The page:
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Text Truncated after Exporting to PowerPoint

If your report looks ok in OnePager, but is missing one or two letters from each line after exporting to PowerPoint, it is usually due to a font mismatch, especially if that PowerPoint presentation is being sent from one computer to another.

For example, assume you have a OnePager chart with all of the text using "Font X" that you create on Machine A:

You can export this OnePager chart to PowerPoint, and it will look fine on your own computer. However, if you e-mail that PowerPoint presentation to a colleague to open on Machine B, it's possible that "Font X" isn't available. Because your original font wasn't available, when your colleague opens the PowerPoint presentation, Machine B will substitute "Font Y" instead of "Font X". The fonts look similar, but they're slightly different, which can use the last character to get cut off, like this:

Sometimes, you'll experience this issue even if you are using the same font, but are creating a PowerPoint on a Windows 10 computer and trying to open it on a Windows 7 computer. This is due to a difference in how Windows 10 and Windows 7 draw fonts on the screen--even the same font and the same font size.

If your PowerPoint export looks good on one computer, but is missing the last letter on another computer, then you are either experiencing:

  1. An issue of font substitution because a given font is not installed on one of the computers; OR
  2. Inconsistent rendering of the same font between different versions of Windows. Windows 10 and Windows 7 are known to suffer from this incompatibility, even when the font face and font size are the same.

There are three ways to address this:

Use a More Common Font

For any text that is subject to the issue, we recommend switching to a very common, wide font like Arial in your OnePager prior to sending anything to PowerPoint, to ensure fonts display consistently on all computers. The more common and more wide the font, the more reliable the output will be from computer to computer.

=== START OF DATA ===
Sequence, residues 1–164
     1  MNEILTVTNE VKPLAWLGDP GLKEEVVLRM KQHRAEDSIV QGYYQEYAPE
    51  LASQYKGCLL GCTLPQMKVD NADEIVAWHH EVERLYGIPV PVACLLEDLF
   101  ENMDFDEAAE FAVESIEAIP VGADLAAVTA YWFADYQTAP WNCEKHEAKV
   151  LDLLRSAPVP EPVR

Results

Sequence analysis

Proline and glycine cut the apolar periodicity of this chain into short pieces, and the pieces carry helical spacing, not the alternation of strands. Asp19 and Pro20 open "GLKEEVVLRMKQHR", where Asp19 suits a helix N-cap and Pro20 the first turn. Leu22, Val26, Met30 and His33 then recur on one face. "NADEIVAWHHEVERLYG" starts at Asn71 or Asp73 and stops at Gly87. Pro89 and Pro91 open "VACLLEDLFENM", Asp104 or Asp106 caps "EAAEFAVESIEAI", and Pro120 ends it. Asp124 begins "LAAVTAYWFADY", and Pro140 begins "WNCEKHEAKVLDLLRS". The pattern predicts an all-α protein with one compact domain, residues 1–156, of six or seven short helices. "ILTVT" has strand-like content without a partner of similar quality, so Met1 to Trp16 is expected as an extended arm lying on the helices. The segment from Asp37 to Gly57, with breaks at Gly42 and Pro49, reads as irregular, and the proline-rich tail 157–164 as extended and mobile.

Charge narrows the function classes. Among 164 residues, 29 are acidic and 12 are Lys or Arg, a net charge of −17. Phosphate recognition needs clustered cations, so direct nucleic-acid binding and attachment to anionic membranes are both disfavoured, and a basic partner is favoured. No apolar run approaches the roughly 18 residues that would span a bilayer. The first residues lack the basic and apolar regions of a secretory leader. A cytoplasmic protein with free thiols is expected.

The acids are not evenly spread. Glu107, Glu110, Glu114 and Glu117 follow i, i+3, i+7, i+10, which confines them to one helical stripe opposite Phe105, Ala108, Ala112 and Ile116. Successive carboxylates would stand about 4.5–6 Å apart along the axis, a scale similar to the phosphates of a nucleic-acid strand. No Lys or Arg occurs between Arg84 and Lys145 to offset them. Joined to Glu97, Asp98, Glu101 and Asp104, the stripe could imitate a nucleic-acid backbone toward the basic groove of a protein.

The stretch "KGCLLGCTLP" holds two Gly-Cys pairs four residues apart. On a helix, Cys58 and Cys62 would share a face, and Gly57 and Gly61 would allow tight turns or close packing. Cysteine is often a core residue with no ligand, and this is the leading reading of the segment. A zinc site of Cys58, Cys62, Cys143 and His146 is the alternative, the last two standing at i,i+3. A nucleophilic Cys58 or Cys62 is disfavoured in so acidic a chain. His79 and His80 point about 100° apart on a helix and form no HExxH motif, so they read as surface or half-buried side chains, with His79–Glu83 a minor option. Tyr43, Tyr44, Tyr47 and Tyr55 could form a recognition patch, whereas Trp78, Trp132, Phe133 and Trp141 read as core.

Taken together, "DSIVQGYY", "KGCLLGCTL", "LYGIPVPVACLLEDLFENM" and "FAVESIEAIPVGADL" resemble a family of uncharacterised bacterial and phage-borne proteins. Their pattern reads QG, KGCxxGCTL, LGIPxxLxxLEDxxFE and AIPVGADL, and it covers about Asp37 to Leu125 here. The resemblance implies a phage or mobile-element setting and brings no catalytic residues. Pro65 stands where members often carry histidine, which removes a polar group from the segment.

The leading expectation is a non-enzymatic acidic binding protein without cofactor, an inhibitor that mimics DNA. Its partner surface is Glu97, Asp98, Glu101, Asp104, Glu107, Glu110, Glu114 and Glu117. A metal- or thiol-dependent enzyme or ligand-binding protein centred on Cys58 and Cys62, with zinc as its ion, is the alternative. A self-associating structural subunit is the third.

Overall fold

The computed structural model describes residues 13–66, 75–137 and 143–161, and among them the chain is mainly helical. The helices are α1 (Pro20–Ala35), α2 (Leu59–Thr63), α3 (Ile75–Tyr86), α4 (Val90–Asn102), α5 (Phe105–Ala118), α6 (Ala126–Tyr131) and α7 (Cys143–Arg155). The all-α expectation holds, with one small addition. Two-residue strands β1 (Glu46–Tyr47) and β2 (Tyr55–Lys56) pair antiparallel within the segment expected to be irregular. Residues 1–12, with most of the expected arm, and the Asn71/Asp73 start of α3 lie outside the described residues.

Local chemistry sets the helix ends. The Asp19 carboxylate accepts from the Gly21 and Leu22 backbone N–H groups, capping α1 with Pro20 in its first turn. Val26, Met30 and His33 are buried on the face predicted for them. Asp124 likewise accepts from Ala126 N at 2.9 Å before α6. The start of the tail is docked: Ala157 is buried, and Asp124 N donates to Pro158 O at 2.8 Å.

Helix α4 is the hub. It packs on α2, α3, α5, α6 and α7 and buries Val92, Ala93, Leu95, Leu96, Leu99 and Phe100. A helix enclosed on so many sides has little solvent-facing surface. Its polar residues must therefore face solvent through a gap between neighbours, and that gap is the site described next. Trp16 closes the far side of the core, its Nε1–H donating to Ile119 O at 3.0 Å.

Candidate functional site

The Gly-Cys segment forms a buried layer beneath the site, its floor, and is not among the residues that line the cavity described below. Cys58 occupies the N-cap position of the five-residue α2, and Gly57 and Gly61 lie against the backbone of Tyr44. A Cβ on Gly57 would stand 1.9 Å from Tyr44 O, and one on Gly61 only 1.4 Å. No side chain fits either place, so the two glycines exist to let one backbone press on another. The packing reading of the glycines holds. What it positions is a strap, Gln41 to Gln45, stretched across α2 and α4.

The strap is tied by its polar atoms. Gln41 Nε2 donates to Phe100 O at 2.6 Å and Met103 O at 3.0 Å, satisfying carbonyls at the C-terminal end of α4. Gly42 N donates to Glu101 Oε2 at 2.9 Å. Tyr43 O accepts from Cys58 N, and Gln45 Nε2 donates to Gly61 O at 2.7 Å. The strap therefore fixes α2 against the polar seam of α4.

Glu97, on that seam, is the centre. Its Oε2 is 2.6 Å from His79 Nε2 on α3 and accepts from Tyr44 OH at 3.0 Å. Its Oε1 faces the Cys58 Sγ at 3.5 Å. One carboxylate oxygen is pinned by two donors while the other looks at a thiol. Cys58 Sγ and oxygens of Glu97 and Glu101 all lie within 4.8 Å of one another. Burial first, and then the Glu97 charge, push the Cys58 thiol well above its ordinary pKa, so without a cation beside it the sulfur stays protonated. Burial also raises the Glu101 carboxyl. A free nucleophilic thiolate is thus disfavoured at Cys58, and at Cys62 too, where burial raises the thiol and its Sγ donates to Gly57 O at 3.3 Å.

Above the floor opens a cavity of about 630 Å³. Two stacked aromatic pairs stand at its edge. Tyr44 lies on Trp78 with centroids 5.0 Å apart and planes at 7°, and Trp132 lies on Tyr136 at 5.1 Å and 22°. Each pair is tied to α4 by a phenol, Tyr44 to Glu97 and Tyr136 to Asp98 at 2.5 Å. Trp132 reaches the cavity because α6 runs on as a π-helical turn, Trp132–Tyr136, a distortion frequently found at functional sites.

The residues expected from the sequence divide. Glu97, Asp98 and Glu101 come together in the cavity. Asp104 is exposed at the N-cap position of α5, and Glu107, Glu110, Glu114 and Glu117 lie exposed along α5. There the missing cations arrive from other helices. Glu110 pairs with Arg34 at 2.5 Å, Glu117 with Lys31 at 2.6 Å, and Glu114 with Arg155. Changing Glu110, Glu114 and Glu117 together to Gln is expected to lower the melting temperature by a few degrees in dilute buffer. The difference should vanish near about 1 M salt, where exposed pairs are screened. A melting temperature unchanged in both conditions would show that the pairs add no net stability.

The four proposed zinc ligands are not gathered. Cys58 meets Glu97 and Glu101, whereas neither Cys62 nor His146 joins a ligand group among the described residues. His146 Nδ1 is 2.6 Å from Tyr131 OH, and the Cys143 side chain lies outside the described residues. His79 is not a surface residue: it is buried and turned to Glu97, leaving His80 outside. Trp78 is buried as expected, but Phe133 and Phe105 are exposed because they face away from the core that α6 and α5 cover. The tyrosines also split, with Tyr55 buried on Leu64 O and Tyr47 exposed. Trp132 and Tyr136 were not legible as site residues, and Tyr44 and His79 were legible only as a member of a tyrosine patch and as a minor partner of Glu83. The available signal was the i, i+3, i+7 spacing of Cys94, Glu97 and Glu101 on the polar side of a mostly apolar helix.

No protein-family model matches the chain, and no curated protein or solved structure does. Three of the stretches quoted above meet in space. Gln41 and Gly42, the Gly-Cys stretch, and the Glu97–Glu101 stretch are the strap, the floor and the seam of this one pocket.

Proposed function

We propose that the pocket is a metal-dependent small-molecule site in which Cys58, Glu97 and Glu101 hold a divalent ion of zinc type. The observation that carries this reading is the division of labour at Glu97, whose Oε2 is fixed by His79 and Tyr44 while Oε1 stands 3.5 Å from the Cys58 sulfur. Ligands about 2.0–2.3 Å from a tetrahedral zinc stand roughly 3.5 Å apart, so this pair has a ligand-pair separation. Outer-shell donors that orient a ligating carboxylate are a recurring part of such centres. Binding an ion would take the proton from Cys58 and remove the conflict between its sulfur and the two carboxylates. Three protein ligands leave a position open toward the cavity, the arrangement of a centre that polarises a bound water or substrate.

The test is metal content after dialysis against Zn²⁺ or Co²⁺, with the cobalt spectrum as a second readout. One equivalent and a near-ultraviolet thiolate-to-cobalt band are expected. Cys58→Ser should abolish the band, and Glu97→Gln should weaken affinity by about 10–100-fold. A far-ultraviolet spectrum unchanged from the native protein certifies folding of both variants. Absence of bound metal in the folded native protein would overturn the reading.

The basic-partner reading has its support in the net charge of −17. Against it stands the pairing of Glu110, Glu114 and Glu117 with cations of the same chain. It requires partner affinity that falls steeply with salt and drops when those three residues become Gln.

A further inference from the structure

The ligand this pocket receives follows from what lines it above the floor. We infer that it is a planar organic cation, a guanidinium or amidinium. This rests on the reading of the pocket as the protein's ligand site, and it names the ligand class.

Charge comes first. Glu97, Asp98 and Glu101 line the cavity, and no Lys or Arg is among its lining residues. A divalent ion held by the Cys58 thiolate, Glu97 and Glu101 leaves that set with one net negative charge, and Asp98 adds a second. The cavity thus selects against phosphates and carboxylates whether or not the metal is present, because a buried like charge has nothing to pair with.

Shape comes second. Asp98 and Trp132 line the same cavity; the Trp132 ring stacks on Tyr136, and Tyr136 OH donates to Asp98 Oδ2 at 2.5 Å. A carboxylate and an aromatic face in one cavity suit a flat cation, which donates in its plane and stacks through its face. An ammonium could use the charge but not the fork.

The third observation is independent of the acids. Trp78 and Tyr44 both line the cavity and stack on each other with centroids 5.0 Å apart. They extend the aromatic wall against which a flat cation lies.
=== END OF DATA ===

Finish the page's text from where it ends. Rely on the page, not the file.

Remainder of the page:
This is good guidance for PowerPoint in general, not just OnePager. Again, font rendering does vary from one version of Windows to another, so if you think that you have the same font installed on both computers and are still experiencing issues, switching the font may not resolve things completely for you.

Embed Fonts in PowerPoint

A more robust option is to tell PowerPoint to embed fonts in the PPT file while you are still on Machine A and have access to "Font X". You can do this in PowerPoint by:
  1. Copy and Pasting your OnePager chart into PowerPoint as you normally do
  2. Right-clicking on the OnePager chart in PowerPoint and choosing Ungroup. This will make the text easier for PowerPoint to identify.
  3. Going to File > Save As
  4. Clicking on Tools > Save Options:

  5. Ensuring that the Embed fonts in the file box is checked before saving your PowerPoint file:

PowerPoint will make a copy of the font file from Machine A, and will include it as a part of the PPT file so that any other computer can access that font as a part of viewing the PPT presentation, even if that font isn't otherwise available. The best part about this approach is that you don't have to change any of your settings in OnePager.

If you try embedding fonts in PowerPoint, and are still experiencing truncation, then your issue probably has more to do with inconsistent font rendering between different versions of Windows, not the availability of fonts themselves. Scroll down to the next section for a third option that is guaranteed to make your fonts look the same on any computer.

Copy to PowerPoint as an Image instead of Clip Art

By default, when you copy a OnePager chart to the clipboard and paste it into PowerPoint, you are doing so in a clip art (vector) format. Vectors are great because they are infinitely scalable and never get grainy, but they can suffer from issues rendering fonts and shapes from one computer to another. OnePager does give you the ability to copy your chart to the clipboard as an image, which will then freeze all font rendering when you paste it into PowerPoint. To do this:

  1. Go to Home > Chart Properties > Advanced
  2. Change the Clipboard Format setting from "Vector" to "Image" and click OK
  3. Go to Home > Copy, which will copy your OnePager chart to the clipboard as a fixed image instead of clipart.
  4. Paste into PowerPoint as you normally would.

The only drawback to this method is that images do tend to get less crisp as you zoom in, but that's not usually an issue for normal day-to-day use. The advantage of the image format is that your font rendering is 100% locked and will never vary from what you see the first time you copy and paste.

Last Updated: August 12, 2020